What a great idea! We just love seeing items being used for things beyond their original purpose. Take this fantastic David Douglas designed 1960’s coffee pot – looks perfect holding fruit and herb infused water at a summer party. Delish!
For more great mid century coffee pots, visit our store!
Once in a while I come across a makeover project that makes me think “oh, easy!” and this little sewing cabinet was no exception. I mean, lots of flat surfaces and straight lines, an easy strip, stain and seal and “Bob’s your uncle!” Well, no. Not this time. I loved this little table from the get-go, I hated it for moments, but in the end, I’m still enamored. That top drawer that flips around to hold bobbins and reels, so unusual and unique. Hard to pass up.
It wasn’t the 50 years of peeling paint underneath that was work, it was the freshest coat that had been slapped on top recently to cover it that made this project a sticky, messy nightmare. And all those straight lines? Hmm, yes, well, except for the grooves on the trim. The MANY grooves on the trim. Not fun. And then there’s the drawer fronts. Yep, they’re flat alright, flat…but textured. With this odd layer of some kind of raffia or thatched laminate stuff. Stripping wasn’t even an option for those parts.
So to say the prep was difficult, is an understatement. This wee gem took days of paint stripping, and for moments, a little piece of my soul. Then, those grooves…well, I tried everything from scrapers to wire brushes to steel wool to skewers. I finally got there, but in hindsight, sandblasting would have been the more effective option. Note to self.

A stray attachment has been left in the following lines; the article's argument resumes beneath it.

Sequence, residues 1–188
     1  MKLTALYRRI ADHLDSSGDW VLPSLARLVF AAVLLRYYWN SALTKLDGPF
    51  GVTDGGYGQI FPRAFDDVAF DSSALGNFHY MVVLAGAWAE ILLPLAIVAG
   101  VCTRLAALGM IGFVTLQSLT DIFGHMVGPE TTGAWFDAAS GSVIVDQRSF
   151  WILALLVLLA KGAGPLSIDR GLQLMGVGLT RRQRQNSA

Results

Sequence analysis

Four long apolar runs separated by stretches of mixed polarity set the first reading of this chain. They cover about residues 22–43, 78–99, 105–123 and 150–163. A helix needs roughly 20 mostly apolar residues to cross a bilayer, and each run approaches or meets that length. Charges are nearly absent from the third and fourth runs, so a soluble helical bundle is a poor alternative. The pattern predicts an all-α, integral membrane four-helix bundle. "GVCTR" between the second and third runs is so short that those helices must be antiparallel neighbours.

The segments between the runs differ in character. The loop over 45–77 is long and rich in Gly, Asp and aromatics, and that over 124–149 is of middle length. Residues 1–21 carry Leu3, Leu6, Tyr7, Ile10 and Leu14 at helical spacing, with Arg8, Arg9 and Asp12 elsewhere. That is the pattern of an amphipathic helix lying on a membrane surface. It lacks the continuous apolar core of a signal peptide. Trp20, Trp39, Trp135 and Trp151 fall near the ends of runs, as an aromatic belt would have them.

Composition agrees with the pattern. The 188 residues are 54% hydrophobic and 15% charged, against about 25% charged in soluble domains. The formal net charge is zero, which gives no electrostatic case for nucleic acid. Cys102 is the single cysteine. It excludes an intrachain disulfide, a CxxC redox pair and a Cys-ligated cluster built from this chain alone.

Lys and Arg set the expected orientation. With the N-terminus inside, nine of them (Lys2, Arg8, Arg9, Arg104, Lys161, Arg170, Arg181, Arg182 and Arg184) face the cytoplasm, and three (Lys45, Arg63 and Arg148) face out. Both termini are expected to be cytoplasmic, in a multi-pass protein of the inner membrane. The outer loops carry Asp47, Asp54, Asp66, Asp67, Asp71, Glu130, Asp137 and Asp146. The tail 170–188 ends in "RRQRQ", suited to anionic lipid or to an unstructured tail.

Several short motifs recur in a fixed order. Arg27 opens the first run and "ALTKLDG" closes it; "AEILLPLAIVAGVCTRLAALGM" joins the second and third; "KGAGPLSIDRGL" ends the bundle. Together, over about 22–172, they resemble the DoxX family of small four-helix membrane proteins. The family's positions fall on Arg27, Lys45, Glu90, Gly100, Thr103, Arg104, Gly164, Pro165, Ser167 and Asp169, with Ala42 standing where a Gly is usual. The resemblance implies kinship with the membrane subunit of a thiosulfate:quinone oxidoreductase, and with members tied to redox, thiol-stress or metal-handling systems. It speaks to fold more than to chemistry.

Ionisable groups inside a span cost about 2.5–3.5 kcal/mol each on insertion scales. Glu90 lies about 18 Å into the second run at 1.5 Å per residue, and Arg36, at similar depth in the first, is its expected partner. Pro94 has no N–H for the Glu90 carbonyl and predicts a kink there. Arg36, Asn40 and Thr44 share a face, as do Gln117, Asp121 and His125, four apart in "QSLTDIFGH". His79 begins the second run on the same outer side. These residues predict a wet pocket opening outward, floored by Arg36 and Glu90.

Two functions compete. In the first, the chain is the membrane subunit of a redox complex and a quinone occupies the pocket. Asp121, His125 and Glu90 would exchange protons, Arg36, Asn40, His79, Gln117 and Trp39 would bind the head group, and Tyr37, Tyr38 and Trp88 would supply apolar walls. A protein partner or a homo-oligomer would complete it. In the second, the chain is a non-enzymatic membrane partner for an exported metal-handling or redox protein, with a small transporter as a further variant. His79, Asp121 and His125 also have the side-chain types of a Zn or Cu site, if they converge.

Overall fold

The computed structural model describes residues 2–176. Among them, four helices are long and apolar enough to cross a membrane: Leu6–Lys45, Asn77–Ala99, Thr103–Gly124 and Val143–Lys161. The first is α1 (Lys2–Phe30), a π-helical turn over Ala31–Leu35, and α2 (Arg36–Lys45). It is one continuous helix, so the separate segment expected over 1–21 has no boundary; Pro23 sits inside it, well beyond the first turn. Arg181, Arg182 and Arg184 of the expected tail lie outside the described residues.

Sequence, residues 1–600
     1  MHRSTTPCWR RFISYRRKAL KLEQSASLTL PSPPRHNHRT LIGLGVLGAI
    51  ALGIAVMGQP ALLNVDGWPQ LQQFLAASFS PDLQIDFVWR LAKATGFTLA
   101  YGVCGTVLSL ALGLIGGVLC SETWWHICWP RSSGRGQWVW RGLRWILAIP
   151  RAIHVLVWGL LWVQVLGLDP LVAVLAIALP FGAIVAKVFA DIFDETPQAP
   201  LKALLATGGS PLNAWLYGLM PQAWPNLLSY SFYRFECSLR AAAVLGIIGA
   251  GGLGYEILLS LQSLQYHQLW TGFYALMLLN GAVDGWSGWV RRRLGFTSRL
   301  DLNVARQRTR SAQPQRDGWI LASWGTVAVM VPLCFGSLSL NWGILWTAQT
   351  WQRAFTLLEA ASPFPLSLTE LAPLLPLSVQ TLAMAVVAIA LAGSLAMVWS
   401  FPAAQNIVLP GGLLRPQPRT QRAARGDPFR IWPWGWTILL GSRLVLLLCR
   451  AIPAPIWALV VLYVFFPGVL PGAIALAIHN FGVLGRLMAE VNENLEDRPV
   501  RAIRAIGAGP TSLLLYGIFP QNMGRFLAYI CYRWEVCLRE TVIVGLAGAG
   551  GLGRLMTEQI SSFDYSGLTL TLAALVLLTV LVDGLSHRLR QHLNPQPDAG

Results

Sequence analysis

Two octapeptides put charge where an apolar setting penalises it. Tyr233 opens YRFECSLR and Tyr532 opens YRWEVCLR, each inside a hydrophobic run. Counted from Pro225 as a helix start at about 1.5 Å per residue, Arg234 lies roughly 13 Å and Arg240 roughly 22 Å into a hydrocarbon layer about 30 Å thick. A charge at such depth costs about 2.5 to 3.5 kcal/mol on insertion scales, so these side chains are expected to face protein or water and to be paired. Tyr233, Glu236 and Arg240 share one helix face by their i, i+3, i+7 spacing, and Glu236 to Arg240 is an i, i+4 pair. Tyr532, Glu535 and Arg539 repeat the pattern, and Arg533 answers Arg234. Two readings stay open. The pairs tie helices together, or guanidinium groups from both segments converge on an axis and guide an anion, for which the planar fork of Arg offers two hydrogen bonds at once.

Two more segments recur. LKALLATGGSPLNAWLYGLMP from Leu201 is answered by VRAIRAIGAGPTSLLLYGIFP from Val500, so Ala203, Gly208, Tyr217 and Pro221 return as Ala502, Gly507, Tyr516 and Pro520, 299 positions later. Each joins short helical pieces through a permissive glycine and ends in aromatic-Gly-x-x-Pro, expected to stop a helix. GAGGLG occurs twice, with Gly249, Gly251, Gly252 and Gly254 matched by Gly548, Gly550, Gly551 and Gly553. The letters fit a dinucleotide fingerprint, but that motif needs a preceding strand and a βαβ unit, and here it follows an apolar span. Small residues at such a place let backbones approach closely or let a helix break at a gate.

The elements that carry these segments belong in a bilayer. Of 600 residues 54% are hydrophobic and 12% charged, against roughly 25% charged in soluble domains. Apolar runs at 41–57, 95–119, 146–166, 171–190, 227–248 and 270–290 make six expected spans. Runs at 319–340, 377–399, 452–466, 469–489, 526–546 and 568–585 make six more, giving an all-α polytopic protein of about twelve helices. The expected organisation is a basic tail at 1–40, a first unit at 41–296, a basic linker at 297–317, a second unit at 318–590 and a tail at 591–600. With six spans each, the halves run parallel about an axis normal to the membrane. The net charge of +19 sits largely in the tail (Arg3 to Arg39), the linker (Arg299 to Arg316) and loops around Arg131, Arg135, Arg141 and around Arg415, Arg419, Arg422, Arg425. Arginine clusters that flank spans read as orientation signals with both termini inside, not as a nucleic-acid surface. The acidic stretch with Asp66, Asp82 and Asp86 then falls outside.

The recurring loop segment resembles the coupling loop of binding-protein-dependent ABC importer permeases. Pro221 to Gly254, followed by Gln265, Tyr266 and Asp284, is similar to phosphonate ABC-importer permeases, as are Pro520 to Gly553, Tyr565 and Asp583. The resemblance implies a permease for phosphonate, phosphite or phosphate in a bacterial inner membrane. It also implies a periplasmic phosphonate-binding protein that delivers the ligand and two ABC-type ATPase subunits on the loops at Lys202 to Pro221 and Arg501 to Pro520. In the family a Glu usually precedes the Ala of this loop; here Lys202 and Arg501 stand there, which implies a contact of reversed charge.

Next up, sanding. This part was the easiest of all. My snazzy Black & Decker orbital sander whizzed through and made the surface silky smooth in a jiffy. Things were looking up, because the last step in front of me, staining, is the easiest thing ever, right? I tried Minwax stain in Special Walnut, it’s a favorite of mine. And do you think this wood would take the stain? Oh puhlease, no way. Admittedly, there were two types of wood in this cabinet, and in my enthusiasm I didn’t consider the impact this may have on the staining process….which was evidently huge. So the stain on top looked great, on the sides looked OK, and on the front, looked awful. It was a patchy, streaky mess, no matter what I tried.
It was at this point I went back to the trusty internet and this is where Gel Stain SAVED THE DAY. Gel stain, unlike traditional stain, is more like a paint. So it doesn’t soak into the wood, it sits on the surface. It’s a similar process, wipe on, wipe off, but the result was perfection. I used Minwax Gel stain in Hickory, and it was a rich, gorgeous tone that still let the wood grain shine through. Most importantly, it was even, smooth and consistent. Not a streak in sight. This stuff is GLORIOUS.
The last step was the drawer fronts which, as mentioned earlier, were this weird textured stuff which I actually kinda liked the look of, but wasn’t able to strip or stain (or remove completely without having to replace the entire face of the drawers. More effort than I was willing to put in at this point). So I painted. I had some amazing aqua blue “Island Oasis” paint left over from a table makeover, so I used that. A couple of chrome drawer knobs later, and a coat of Minwax polyurethane to seal the whole thing, and the cabinet looks stunning.
Worth the labor intensive process (I can say that now it’s over and I’m not knee deep in paint stripper and desperation)
My love of all things Mid Century left me with little choice but to get sucked into the vortex that was Mad Men (binge watching TV series on Netflix is a favorite past time round these parts) And as sad as I am to see it finish, its impact on modern design trends is undeniable. Even Target has come out with a range of Vintage Modern homewares and furnishings. Which is lovely, but to me, nothing beats an original piece. A sumptuous lava drip glazed lamp from the 50’s, a walnut end table from the 60’s…these things sing to me in a way that a replica can’t.